I was on page 272 of The Handmaid’s Tale, reading by a warm yellow car reading light, wrapped up in the kind of quiet suburban darkness that makes you feel alone to the core — when I became oversaturated with thoughts and feelings. All my feeling receptors were overloaded. I was only able to comprehend that I was feeling. Unable to sort through the feelings. Anger, Hopelessness, Fear? I don’t know — just
Maybe it was this line: “Humanity is so adaptable. Truly amazing, what people can get used to, as long as there are a few compensations.” Perhaps that was when the gap between fiction and reality closed, and the dystopia painted in the novel did not seem so far away. If a handful of corporations already control all the media we watch, why not make it entirely false propaganda? If women are only valued for their associated reproductive organs, why not create an entire class of breeders? If we already consume ridiculous amounts of militant, warfare-like sports games and brutalized images of Black and Brown bodies, why not just have public actions of violence against the “undesired”?
We know what our world is capable of.
Sexual assault and victim blaming. Deep blue bruises hidden under long sleeves on hot summer days. “There is nothing I would want more in this world than for my father to not exist.” Strong, terrible silences around deaths. Parents working in sweatshops. A single set of acceptable “girl” clothes, tucked away in the corner of their dresser and saved for their visits home. Self-destructive habits tied to a desire to love and be loved. A futile attempt to outrun a mother’s careless words. Daily emotional beatings.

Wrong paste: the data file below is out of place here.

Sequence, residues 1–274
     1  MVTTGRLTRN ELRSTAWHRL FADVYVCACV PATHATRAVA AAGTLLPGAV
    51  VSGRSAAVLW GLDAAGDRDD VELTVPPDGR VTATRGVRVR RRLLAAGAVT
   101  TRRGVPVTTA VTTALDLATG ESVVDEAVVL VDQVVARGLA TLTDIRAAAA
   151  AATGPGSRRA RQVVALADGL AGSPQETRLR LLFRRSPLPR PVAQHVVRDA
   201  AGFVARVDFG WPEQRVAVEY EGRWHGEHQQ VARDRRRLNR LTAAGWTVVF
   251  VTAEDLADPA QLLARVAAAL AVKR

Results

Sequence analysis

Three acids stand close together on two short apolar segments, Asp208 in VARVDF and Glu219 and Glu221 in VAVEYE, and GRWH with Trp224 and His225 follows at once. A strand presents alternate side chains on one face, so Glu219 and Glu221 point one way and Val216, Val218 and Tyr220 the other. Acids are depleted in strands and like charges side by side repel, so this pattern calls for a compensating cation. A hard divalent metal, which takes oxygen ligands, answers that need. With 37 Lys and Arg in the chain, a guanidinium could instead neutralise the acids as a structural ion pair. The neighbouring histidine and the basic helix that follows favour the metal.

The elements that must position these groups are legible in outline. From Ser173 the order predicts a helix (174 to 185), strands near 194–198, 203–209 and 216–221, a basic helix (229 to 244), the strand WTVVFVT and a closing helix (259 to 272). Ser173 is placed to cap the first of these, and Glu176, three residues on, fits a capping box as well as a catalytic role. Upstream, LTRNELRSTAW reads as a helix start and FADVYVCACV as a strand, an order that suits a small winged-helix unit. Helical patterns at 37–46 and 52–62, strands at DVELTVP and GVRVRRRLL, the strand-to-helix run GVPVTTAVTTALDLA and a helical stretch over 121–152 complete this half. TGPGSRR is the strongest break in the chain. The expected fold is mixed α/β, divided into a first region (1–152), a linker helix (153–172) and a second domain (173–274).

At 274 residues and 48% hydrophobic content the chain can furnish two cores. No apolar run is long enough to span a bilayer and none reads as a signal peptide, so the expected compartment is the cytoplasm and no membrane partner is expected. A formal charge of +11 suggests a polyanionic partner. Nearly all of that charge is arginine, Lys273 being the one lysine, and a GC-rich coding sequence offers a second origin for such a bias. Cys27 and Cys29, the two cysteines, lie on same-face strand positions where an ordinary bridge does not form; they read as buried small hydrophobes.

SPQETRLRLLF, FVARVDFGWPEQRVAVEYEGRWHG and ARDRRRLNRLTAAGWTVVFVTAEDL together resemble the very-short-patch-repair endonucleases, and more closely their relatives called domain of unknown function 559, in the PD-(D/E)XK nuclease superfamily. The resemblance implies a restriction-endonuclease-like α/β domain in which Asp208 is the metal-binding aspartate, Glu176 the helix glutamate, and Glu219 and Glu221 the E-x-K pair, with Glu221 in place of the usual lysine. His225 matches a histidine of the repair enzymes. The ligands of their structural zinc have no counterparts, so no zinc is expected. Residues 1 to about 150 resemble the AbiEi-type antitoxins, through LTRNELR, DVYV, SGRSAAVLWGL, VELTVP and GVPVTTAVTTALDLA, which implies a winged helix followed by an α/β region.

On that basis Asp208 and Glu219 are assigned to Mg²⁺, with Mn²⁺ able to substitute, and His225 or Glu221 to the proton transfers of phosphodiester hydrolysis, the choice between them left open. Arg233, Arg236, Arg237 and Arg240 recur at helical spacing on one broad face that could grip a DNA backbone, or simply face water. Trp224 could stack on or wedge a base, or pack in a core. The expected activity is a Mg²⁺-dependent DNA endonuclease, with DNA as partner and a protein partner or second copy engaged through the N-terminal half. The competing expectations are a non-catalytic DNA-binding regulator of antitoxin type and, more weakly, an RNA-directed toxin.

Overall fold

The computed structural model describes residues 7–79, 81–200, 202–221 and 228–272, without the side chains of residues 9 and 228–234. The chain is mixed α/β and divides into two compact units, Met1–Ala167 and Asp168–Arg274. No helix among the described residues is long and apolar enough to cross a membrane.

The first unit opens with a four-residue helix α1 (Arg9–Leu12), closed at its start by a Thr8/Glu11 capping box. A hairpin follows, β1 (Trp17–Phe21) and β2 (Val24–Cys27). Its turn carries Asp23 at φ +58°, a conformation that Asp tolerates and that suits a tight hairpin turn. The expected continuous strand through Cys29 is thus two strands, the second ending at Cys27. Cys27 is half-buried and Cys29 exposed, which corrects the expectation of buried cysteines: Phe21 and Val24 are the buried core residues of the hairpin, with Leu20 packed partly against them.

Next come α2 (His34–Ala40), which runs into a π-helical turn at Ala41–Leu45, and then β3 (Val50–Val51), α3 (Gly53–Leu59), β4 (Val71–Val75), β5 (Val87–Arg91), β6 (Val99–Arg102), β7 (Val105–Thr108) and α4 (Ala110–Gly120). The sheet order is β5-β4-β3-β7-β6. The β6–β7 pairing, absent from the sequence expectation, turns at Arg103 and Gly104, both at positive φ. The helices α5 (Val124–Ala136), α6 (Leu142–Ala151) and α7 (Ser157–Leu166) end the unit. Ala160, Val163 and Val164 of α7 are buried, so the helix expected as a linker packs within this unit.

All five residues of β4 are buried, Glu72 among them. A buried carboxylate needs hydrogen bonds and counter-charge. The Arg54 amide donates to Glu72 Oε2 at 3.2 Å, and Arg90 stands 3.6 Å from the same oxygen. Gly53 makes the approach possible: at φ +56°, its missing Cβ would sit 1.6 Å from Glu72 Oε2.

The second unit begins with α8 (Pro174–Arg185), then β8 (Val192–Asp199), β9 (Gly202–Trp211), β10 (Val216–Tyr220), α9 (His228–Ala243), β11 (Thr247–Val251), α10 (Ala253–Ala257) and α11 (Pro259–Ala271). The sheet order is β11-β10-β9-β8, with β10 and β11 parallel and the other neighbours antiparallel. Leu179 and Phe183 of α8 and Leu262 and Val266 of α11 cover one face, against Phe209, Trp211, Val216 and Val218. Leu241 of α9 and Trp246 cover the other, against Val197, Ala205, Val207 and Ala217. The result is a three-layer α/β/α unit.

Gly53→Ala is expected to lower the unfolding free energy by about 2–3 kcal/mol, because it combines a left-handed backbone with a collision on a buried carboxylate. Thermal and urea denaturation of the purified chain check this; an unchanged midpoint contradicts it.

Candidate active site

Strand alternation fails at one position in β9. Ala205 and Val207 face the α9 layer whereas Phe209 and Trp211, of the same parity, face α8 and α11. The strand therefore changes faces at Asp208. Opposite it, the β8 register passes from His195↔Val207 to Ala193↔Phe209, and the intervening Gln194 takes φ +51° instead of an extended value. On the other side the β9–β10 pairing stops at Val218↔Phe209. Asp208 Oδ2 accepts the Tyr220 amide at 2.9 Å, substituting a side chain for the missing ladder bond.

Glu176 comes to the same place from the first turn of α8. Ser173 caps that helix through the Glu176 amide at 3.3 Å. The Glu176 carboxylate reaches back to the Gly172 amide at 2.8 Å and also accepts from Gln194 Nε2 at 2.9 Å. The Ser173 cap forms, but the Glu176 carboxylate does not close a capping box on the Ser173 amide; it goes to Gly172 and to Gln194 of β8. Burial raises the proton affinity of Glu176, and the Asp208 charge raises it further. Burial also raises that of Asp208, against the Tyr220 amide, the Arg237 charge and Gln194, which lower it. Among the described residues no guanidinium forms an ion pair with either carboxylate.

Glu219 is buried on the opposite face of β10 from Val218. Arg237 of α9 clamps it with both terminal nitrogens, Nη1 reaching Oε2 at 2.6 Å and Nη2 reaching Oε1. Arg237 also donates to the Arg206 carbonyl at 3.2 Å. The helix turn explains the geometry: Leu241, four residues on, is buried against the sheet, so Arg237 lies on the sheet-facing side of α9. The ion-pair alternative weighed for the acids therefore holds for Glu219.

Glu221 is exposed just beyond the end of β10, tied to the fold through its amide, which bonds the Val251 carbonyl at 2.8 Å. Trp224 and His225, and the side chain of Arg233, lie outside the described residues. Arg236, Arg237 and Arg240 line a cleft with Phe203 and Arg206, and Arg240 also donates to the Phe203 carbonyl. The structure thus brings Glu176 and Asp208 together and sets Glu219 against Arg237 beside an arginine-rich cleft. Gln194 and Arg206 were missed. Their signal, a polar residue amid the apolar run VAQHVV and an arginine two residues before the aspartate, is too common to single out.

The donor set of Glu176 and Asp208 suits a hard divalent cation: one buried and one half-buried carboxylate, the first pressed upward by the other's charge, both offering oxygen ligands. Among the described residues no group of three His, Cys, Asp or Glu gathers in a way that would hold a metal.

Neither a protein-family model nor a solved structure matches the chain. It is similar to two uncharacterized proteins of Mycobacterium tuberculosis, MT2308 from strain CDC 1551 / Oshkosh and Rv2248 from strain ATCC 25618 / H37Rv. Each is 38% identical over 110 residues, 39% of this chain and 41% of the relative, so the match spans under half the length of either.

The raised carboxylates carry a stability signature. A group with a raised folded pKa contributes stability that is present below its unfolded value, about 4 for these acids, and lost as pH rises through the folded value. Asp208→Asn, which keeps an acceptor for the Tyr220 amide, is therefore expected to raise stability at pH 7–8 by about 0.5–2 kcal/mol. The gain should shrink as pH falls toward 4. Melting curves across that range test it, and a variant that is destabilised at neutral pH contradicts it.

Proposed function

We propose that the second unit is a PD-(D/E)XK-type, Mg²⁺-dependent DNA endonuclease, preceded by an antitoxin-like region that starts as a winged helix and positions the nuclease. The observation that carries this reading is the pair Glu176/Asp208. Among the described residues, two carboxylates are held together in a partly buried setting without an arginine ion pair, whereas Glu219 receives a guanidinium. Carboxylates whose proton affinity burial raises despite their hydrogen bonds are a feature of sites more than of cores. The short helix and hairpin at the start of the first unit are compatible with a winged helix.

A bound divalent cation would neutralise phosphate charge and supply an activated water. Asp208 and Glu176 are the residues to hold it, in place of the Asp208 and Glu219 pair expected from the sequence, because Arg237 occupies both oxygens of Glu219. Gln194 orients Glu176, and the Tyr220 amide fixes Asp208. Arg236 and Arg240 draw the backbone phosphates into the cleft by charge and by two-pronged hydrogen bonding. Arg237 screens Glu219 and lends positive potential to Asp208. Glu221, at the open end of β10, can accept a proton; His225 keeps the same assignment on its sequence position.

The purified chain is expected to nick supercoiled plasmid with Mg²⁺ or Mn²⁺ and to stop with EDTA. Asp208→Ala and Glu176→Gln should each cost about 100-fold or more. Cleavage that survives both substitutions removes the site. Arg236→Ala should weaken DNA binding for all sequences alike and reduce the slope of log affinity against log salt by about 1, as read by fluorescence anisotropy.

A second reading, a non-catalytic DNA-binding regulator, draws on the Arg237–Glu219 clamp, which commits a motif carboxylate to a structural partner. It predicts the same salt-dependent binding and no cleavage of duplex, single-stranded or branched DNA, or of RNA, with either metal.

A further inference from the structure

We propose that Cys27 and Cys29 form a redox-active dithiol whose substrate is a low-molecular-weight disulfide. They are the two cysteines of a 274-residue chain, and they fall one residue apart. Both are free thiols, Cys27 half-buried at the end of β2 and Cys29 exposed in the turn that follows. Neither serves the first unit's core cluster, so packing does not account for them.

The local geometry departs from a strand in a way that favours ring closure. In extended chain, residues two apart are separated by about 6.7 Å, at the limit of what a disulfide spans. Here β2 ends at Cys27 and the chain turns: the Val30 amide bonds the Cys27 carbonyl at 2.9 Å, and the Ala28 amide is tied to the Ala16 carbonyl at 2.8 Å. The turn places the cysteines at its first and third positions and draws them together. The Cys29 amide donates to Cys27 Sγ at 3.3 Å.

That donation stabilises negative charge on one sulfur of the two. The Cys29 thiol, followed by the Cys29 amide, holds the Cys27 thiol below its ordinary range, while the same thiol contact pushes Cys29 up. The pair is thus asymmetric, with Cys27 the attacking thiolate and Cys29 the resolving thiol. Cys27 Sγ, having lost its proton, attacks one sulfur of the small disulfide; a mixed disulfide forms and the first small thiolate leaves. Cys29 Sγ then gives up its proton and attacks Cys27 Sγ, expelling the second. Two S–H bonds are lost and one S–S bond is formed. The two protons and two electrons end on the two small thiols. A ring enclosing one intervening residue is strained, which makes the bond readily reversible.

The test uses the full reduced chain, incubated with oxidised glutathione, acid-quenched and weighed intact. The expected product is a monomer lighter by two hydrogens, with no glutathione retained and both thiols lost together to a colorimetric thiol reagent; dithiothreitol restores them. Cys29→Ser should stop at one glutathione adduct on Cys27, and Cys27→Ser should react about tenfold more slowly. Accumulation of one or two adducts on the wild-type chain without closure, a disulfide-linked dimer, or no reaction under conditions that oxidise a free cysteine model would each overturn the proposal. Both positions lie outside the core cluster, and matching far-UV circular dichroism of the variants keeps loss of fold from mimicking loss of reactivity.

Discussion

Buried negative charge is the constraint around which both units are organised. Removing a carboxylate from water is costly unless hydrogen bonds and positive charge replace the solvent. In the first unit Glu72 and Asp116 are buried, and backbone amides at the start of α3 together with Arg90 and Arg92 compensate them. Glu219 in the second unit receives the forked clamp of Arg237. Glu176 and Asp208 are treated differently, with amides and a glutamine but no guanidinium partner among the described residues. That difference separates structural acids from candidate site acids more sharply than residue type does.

And yet we still continue to exist, and some would even say, thrive. Usually I look upon these struggles as a mark of human resilience — of our collective power and potential. But for some reason, today, all I see is our silence and passive existence. The ability to continue surviving under these conditions without rebellion, without revolt, without retaliation, without uprooting it all. Especially in the light of larger society’s cool, calm complacency around Mike Brown’s murder, I wonder if we will ever be upset enough, hurt enough, angry enough to rise up. Or if we’re just simply too accustomed to the pain to even know the threshold of our own tolerance.
We are so adaptable – and so forgetful. I fear that everything today has become “as usual,” in the way that The Handmaid’s Tale notes: “Whatever is going on is as usual. Even this [dystopia] is as usual, now.” Everything has become so deeply seeped into our lives that we know nothing else. We do not remember a time without a nationwide fear of (Brown) terrorism, before NSA government surveillance, before murders of Black boys, before obligatory YouTube commercials, before a constant waging of war for “freedom” and “democracy.” And if we don’t know something before the “usual,” then can we ever imagine anything beyond this?
The hope of something more is usually what keeps me going; I sought to someday put it into practice and create that better world with my own hands. But now, I am beginning to wonder if the dystopia is more of a reality than my idea of a better world ever was. I’m not sure I even know what I want – just not this, right now. I wish I hadn’t fated myself into this constant state of wanting.
If not this, then what?
It’s the question that keeps me up at night.